Fiat Chrysler Automobiles agreed to supply "thousands" of Chrysler Pacifica minivans to Waymo, Google's self-driving affiliate, for its ride-hailing pilot and public road testing, the two companies said Tuesday. The agreement adds to the 600-vehicle fleet the automaker has already supplied, further cementing a partnership formed in 2016.
"With the world's first fleet of fully self-driving vehicles on the road, we've moved from research and development to operations and deployment," Waymo CEO John Krafcik said in a statement. "These additional vehicles will help us scale."
The companies did not specify the exact number of vehicles involved in the agreement, but Waymo said the volume and timeline would depend on the progress of its self-driving pilots. FCA will supply the first wave of minivans, built at the automaker's Windsor, Ont., facility, late this year.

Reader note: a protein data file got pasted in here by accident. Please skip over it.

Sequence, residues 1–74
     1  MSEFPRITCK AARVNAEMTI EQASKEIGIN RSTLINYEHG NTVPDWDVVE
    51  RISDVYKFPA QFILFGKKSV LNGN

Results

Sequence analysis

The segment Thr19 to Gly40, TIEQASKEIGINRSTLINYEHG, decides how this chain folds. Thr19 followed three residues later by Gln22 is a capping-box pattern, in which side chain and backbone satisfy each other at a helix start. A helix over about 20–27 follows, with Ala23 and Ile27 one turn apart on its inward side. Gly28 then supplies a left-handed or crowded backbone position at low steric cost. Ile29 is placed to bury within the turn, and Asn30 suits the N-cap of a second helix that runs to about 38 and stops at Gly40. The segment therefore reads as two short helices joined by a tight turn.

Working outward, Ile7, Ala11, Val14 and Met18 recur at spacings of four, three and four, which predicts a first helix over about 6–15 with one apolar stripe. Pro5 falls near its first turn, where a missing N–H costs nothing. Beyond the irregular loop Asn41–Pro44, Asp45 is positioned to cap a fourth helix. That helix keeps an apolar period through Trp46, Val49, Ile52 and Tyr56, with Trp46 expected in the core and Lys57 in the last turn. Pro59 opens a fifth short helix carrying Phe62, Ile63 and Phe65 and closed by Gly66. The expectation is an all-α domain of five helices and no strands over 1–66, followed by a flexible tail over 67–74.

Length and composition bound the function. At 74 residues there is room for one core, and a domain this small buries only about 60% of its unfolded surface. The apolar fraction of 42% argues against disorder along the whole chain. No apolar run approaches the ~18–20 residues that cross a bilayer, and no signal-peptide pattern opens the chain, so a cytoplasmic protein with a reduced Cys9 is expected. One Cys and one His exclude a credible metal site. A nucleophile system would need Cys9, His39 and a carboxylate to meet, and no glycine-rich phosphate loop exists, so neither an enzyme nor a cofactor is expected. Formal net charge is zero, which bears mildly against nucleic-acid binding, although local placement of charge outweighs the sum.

The Pacificas that FCA supplies to the tech company are specifically designed to integrate Waymo's autonomous driving hardware and software. By working with a large-scale automaker, the self-driving company is looking to quickly scale the technology for its planned commercial ride-hailing service.
In November, Waymo said it would remove the safety drivers from its small-scale ride-hailing pilot in Chandler, Ariz. The company is also performing public road tests in 25 cities, including San Francisco, metro Detroit, and most recently, Atlanta.
The partnership with FCA is the only such relationship Waymo has established with an automaker. The tech company was reported to be in talks with Ford Motor Co. and Honda Motor Co., though no agreements have emerged.